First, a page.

Book Review

Milk Fed

Milk Fed

  • Author: Melissa Broder
  • Genre: Contemporary
  • Publication Date: February 2, 2021
  • Publisher: Scribner

Thank you to NetGalley for providing me with an ARC of this book. I am providing my honest opinion voluntarily.

CONTENT WARNING: graphic description of an eating disorder, emotional abuse, sexually erotic activities and fantasies, homophobia

Rating: 3 out of 5.

Rachel is twenty-four, a lapsed Jew who has made calorie restriction her religion. By day, she maintains an illusion of existential control, by way of obsessive food rituals, while working as an underling at a Los Angeles talent management agency. At night, she pedals nowhere on the elliptical machine. Rachel is content to carry on subsisting—until her therapist encourages her to take a ninety-day communication detox from her mother, who raised her in the tradition of calorie counting.

Early in the detox, Rachel meets Miriam, a zaftig young Orthodox Jewish woman who works at her favorite frozen yogurt shop and is intent upon feeding her. Rachel is suddenly and powerfully entranced by Miriam—by her sundaes and her body, her faith and her family—and as the two grow closer, Rachel embarks on a journey marked by mirrors, mysticism, mothers, milk, and honey.

Pairing superlative emotional insight with unabashed vivid fantasy, Broder tells a tale of appetites: physical hunger, sexual desire, spiritual longing, and the ways that we as humans can compartmentalize these so often interdependent instincts. Milk Fed is a tender and riotously funny meditation on love, certitude, and the question of what we are all being fed, from one of our major writers on the psyche—both sacred and profane. 

I’ve never read a book like this before. Just be aware — this isn’t a book for the faint of heart or those who are triggered by the content, which is graphic.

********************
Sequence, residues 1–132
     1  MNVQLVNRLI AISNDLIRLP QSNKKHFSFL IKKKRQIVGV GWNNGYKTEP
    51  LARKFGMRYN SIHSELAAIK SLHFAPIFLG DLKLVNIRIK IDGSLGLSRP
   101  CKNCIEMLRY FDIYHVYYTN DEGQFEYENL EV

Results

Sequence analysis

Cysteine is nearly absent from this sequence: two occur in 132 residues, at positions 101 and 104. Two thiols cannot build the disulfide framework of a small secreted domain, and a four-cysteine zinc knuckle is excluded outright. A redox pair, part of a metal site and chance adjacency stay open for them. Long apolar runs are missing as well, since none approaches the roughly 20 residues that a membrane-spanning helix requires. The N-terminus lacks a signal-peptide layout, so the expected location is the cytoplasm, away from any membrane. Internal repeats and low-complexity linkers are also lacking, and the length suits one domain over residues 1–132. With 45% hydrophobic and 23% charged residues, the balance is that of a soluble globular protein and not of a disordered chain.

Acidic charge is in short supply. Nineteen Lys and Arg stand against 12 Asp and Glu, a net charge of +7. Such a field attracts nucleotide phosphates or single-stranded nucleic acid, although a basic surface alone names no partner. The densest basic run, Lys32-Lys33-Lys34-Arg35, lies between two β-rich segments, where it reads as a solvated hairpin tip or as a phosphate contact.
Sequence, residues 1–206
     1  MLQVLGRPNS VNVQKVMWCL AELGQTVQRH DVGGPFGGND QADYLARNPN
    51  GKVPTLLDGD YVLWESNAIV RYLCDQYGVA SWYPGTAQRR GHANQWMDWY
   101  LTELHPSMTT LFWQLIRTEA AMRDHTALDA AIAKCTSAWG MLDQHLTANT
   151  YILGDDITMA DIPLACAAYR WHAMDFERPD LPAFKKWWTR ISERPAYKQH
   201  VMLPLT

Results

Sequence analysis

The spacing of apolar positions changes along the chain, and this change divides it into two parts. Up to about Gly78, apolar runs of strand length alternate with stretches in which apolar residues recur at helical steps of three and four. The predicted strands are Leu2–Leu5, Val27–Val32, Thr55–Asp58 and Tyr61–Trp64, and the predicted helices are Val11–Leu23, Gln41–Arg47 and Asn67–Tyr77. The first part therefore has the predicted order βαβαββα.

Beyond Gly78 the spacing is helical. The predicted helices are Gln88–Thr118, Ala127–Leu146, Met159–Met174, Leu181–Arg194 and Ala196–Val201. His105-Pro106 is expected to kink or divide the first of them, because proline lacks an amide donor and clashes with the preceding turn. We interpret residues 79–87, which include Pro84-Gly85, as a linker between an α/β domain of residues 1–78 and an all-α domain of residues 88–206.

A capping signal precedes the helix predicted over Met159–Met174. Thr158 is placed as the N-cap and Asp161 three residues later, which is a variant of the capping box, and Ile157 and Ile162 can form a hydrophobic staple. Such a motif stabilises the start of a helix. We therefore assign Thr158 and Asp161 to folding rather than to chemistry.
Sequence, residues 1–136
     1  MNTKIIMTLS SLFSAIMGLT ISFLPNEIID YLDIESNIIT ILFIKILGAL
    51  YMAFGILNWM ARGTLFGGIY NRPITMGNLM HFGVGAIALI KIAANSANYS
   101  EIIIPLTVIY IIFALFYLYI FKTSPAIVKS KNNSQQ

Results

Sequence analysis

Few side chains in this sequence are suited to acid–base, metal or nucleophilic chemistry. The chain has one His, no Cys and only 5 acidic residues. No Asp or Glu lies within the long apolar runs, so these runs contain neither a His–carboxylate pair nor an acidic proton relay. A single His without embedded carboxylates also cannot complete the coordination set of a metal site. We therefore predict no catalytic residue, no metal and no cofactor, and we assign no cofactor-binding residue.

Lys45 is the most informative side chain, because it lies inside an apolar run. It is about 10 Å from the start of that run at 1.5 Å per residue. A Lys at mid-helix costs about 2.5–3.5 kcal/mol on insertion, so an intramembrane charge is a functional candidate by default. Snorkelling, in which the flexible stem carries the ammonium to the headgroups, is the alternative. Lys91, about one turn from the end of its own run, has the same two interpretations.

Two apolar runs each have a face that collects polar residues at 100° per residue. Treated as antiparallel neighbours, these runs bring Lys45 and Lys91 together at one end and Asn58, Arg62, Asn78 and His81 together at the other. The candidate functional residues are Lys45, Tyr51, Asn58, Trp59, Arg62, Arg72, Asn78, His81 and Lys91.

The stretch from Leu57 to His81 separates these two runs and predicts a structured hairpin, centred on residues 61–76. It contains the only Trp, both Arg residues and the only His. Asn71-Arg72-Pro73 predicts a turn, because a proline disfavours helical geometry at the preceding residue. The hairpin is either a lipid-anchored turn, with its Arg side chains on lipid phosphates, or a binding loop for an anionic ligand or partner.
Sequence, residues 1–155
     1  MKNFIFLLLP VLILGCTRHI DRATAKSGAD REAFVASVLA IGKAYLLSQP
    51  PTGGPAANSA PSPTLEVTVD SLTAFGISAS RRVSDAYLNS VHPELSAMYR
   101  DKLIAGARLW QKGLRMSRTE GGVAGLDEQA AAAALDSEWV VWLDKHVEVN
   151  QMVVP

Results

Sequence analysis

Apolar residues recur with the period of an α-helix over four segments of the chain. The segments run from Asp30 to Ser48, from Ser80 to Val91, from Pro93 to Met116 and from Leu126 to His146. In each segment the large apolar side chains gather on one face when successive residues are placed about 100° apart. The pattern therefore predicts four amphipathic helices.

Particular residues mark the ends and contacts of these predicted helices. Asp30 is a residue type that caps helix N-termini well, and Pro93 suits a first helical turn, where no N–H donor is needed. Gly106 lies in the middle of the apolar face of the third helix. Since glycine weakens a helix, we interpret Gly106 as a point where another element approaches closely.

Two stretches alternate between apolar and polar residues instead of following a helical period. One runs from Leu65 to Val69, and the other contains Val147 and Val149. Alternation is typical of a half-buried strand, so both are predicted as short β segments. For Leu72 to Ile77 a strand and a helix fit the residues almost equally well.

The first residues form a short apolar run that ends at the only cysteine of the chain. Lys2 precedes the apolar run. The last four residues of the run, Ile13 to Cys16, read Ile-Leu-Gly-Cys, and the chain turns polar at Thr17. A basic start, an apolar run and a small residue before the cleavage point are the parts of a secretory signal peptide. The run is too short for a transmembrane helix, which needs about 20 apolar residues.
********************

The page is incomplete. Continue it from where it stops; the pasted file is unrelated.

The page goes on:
Rachel’s life is empty, and she fills it up by obsessing about food and calories. She has a dysfunctional and unhealthy relationship with her mother, and the communication detox brings her mother issues to the forefront, along with some other issues.

When Rachel encounters Miriam, a Modern Orthodox Jewish woman, she starts a journey of discovery. She starts learning about herself, religion, faith, family, and love. I enjoyed seeing how such different forms of Judaism intersect, and watching Rachel discover different aspects of faith, religion, and spirituality after she had grown so distant from what she had grown up with. However, there’s a disconnect between religion and sexuality in the book.

The beginning of the book focuses deeply on Rachel’s disordered eating habits — detailing her eating rituals, her exercise routine, and her emotional connection to these patterns. She deliberately cultivates an empty lifestyle so that nothing interferes with her plans, and rolls happiness and being thin into one concept. 

As she detaches from her mother, she begins to see other women as mother figures, yet she has erotic fantasies about them as well. Rachel is incredibly unhappy, and is seeking any kind of acceptance. She was never able to find it from her mother, and tries to find it anywhere that she can, even when it involves contorting herself to be something or someone that she isn’t. 

In addition to her unhealthy habits, Rachel quickly develops unhealthy and obsessive patterns of behavior around other people. For the majority of the story, Miriam is the center of Rachel’s focus. I really felt like Miriam really got in over her head and had no idea what she was in for. On the other hand, Rachel’s character led to a variety of cringe-worthy situations over the course of the book. At times, the writing was a bit cringe-worthy at times as well. 

I honestly wasn’t sure what to make of the book, although I couldn’t stop reading. It was almost like watching a train crash and being unable to look away. While the majority of the books I’ve read like this were chock-full of characters I couldn’t help but hate, this book was packed with characters that I didn’t hate so much as those that I just felt sorry for. I wanted to see Rachel find a path to happiness and self-acceptance, and to learn how to love herself instead of hoping to find acceptance from someone who just wasn’t able to give it to her. 

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